Aaron Rodgers’ Road To Canton: Off To A “Super” Start

It seems that like no matter what Green Bay Packers quarterback Aaron Rodgers does in his career, someone has a question about him.

First, there was the question of whether he was athletic enough to succeed as a starter in the NFL. That was answered in 2008.

Then there were the doubts of whether or not he could lead the Packers to the postseason. He checked that one off in 2009.

Next it became whether or not Rodgers could win a playoff game and truly replace Brett Favre in the hearts and minds of Packers fans. He finally sealed the deal on that one with a Super Bowl title in 2010 (although the hearts and minds of many were already won by the start of 2010).

Now there is another question involving Rodgers, but I don’t think he would mind this one being asked around too much especially this early in his career:

“Is Aaron Rodgers on the path to enshrinement in the Pro Football Hall of Fame?”

Before we can even begin to answer that question, there should be one huge disclaimer attached: Rodgers has played six NFL seasons and has seen enough meaningful action in three of them.  Hall of Fame enshrinement is judged upon a player’s entire career so to prognosticate Rodgers’ chances after three seasons as a starter is a little preposterous.

All that said, we can look at some trends from these past three seasons and try to play the role of Nostradamus in gauging how Rodgers will finish his career.

If you count just 2008-2010, Rodgers is averaging 4,131 yards per season with 29 touchdown passes and 10 interceptions plus four rushing touchdowns.  If Rodgers is somehow able to maintain that average for 11 more years when he turns 38, he would finish his career with 58,164 yards, 406 TD passes, 142 interceptions, and 57 rushing touchdowns.

Those numbers would definitely be Hall of Fame worthy, but it’s likely that pace will drop off a bit.  For one, every quarterback experiences an “off year.” Even Peyton Manning and Tom Brady have down years.  While they’re not horrible, they are lower than what they average each season.   The law of averages is sometimes simply too much to overcome.



Packers Hall of Fame Announces Donation of Rare Don Hutson Recordings

April 22, 20101 Green Bay, Wis. – Don Hutson, a Green Bay Packer Hall of Famer who played for the Packers from 1935 to 1945, hosted a radio program in the late 1940s. Selected recordings of this program are now part of the Packers Hall of Fame archives of Packers history.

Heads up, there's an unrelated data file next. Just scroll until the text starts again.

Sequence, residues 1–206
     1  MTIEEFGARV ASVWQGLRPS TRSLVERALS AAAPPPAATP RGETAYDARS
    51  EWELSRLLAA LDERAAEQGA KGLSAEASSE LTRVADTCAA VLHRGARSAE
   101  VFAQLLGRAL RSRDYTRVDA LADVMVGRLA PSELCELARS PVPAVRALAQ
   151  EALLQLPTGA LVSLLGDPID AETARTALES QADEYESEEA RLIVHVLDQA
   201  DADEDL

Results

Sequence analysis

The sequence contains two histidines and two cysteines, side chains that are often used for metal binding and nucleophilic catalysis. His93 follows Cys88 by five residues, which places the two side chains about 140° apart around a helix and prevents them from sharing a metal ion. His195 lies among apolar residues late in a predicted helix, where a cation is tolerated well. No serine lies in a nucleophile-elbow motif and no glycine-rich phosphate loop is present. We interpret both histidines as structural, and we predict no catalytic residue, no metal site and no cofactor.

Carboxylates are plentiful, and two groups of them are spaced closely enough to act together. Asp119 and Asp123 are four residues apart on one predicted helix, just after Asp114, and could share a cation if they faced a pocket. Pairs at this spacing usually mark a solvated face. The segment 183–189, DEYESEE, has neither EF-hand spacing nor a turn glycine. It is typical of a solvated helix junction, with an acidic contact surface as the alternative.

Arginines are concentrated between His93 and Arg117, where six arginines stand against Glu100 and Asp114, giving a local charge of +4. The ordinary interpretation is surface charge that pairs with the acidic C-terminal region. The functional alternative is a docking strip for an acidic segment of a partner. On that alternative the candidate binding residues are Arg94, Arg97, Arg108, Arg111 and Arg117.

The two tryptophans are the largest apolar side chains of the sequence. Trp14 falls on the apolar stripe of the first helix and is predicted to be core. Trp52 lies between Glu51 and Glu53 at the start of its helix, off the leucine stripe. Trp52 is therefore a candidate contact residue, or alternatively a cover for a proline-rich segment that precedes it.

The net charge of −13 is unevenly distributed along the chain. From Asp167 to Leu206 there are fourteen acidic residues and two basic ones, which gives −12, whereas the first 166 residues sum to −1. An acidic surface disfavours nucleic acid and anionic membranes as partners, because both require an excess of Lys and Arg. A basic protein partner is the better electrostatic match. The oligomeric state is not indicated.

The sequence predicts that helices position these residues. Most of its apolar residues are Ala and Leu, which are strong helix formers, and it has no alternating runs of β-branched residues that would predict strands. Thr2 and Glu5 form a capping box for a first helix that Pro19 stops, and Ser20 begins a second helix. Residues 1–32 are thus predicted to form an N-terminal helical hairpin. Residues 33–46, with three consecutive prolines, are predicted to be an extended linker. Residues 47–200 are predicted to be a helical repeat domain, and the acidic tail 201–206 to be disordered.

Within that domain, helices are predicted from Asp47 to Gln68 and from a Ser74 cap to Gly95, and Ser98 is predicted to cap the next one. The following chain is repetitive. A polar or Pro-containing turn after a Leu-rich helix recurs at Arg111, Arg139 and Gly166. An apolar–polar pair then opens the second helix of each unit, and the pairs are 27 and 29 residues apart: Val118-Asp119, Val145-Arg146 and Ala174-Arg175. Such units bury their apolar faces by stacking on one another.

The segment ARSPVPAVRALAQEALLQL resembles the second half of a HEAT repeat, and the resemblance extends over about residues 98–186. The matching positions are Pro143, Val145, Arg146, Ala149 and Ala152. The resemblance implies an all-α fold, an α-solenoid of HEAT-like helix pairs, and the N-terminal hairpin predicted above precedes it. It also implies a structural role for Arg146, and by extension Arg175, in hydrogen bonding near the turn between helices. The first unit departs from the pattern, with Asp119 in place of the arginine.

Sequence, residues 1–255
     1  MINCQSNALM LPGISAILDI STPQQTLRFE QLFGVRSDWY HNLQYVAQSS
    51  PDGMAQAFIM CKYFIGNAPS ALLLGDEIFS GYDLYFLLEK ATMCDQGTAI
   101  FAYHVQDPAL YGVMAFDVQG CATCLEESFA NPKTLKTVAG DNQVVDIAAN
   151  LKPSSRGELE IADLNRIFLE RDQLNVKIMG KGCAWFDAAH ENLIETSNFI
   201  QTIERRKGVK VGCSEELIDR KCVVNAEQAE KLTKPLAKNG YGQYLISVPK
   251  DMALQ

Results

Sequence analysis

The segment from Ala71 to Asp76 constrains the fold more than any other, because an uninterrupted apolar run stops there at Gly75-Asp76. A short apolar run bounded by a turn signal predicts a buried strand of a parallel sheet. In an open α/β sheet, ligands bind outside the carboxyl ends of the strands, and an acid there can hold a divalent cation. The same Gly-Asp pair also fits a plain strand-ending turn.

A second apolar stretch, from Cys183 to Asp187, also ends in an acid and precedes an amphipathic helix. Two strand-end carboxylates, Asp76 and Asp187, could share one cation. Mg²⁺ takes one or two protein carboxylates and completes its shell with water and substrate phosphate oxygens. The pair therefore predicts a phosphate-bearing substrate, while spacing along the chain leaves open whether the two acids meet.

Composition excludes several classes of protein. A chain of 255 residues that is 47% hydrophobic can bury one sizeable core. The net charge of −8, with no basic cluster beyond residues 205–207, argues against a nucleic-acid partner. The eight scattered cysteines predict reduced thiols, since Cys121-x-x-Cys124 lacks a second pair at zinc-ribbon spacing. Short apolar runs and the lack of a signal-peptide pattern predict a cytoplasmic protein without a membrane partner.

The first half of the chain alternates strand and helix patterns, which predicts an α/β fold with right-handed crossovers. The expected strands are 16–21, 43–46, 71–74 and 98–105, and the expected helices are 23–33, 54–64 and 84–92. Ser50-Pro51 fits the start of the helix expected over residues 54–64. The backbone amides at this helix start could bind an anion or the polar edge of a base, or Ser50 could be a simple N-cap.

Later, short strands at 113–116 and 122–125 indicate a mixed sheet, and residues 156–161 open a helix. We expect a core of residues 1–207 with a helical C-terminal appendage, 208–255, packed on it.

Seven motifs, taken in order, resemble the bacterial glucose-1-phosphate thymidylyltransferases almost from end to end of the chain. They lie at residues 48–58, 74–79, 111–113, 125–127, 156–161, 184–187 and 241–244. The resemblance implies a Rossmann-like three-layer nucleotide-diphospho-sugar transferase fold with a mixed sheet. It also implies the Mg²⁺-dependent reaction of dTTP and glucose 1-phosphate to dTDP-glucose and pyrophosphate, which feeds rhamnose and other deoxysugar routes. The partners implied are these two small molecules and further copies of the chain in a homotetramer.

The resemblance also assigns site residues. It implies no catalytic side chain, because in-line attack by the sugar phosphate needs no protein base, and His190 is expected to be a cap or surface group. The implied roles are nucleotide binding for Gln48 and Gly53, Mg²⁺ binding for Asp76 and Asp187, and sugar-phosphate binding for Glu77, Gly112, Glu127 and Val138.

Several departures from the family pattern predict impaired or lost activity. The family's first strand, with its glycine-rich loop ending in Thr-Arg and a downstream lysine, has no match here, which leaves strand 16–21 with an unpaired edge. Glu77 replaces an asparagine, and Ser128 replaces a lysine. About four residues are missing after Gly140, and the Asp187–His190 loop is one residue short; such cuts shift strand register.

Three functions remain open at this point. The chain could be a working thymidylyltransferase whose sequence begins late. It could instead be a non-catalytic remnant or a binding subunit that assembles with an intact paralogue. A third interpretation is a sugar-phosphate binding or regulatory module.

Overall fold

Don Hutson’s nephew, Steve Hutson of Mequon, WI, donated the unusual vinyl-coated aluminum records that are 16 inches in diameter and play from the center to the outside. The Packers Hall of Fame audio engineer needed to purchase a custom-made turntable in order to play them and convert the recordings to digital MP3 files. There are three records, including one of Don Hutson’s audition for the radio show.

Tom Murphy, the Packers Hall of Fame archivist, said “these records are a great addition to our archive of physical items — but to also have these recordings in digital format really makes this donation special. We can make clips available to our members via our new online digital archive ( and we can offer them to fans as a digital download (

Steve Hutson said “Lee Remmel previously suggested the Hall of Fame might be able to do something with these records. It’s wonderful that my uncle’s commentary about Packers football in 1949 has been digitized and can now be heard by Packer fans throughout the world.”

The Green Bay Packers Hall of Fame, Inc. was established in 1967 as a non-profit corporation, independent of the Green Bay Packers, with the mission to preserve and protect the history of the Packers. The physical location is housed in a spectacular 25,000-square foot facility in the Lambeau Field Atrium and is open from 9 a.m. to 6 p.m., with variable hours on game days and holidays (call 920-569-7512 for more information). The Packers Hall of Fame digital archive was established in 2011 to provide an online resource of Packers history. Fans can learn more at The Hall raises funds to support its mission through events and donations. The annual Golf Classic is set for Monday, July 11, 2011, at The Bull in Sheboygan Falls, Wis. The annual Induction Banquet will be held on July 23, 2011 at the Lambeau Field Atrium in Green Bay, Wis. Both events are currently sold out. Contributions to the Packers Hall of Fame — either financial or in the form of historic Packers memorabilia — may quality as a tax-deductible gift.